I see business opportunities here. 
Feds make path for Internet television
   Specifically, the rules would give companies operating over the Web or any other method of communication the same rights to buy rights to TV programming that companies such as Comcast and DirecTV currently enjoy. 

I’ll use the first one with my students. 
Strategic Humor: Cartoons from the January-February 2015 Issue

Never fails to amuse me. 
   According to an Inspector General audit of how it handles student loans, the Department of Education lacks “a coordinated plan for preventing borrowers from defaulting.”  [Imagine that  Bob] 
   Oh look. LAUSD students can start to take their iPads home.  I’m struck by this comment about the students getting their devices home safely: “School Police Chief Jose Santome estimated it would take 80 more officers to scale up the patrols to the district’s 800 campuses.”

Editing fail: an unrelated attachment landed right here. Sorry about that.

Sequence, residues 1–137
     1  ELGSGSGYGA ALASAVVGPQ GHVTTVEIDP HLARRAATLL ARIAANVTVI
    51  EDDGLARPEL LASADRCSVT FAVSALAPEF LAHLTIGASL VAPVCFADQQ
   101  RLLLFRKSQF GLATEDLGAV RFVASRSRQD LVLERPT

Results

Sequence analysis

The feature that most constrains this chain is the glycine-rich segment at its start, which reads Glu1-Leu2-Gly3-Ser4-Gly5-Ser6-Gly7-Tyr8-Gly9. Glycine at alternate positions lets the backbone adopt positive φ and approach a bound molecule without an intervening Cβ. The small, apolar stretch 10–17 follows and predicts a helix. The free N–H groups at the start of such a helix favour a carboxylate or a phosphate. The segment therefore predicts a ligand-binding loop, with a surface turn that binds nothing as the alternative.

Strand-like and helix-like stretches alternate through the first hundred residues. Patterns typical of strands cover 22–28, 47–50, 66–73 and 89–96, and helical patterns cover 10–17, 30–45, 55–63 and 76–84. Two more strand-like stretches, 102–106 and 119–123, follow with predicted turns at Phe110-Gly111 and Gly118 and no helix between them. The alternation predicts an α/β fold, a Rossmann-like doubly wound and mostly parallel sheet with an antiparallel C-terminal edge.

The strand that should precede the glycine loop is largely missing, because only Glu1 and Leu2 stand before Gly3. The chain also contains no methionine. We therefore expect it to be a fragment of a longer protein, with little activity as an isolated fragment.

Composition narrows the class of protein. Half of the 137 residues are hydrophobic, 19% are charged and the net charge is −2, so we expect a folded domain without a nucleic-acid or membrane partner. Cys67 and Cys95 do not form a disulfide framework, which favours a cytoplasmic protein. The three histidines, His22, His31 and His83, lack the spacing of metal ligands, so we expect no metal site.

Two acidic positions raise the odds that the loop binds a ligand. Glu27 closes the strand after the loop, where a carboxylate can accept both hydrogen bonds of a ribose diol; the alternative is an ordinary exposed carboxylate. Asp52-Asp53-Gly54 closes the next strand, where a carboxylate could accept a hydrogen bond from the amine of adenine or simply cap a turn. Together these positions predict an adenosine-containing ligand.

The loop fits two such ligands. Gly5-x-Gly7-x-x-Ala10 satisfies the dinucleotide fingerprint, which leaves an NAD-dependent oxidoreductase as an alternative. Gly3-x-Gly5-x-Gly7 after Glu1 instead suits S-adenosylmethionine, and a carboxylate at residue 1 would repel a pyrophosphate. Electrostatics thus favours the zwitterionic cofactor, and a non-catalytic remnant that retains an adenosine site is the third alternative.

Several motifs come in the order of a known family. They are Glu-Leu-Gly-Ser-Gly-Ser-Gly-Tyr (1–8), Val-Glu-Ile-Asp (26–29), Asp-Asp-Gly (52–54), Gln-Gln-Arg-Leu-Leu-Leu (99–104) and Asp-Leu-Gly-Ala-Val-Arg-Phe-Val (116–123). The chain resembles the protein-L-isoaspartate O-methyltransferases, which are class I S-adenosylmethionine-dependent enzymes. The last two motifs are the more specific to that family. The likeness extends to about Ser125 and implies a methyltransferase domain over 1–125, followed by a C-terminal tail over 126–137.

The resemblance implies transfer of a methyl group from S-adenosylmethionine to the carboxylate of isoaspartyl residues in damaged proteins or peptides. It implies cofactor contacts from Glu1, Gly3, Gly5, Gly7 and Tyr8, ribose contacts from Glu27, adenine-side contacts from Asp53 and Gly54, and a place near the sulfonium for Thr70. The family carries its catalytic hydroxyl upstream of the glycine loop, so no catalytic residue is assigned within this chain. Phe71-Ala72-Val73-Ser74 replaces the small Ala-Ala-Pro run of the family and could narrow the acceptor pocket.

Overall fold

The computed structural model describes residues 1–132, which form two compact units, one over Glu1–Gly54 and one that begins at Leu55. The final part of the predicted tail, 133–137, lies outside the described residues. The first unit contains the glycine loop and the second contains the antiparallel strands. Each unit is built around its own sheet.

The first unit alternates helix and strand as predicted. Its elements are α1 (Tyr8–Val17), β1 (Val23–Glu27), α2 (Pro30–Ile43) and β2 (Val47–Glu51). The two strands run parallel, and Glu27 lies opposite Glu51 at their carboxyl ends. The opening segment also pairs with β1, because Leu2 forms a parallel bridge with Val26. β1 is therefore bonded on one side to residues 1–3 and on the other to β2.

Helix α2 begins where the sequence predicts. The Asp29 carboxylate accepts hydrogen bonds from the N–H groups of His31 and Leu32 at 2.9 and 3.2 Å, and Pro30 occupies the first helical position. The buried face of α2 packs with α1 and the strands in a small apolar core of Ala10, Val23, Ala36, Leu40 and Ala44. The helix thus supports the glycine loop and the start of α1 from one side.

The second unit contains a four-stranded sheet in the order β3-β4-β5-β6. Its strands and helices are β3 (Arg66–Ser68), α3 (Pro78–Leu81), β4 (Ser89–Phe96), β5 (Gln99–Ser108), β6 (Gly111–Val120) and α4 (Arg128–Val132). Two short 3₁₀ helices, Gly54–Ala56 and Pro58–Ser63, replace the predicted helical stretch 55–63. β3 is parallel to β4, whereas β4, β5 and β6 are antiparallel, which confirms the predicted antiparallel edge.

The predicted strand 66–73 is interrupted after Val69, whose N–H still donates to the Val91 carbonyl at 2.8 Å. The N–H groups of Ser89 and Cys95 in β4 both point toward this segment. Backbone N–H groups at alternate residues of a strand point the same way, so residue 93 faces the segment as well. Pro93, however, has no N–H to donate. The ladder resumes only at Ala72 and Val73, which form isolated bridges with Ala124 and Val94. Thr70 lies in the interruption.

The Class of 2015 – the writers whose work will enter the public domain * next year. (* Except in the US, where nothing will enter the public domain.) 

No comments: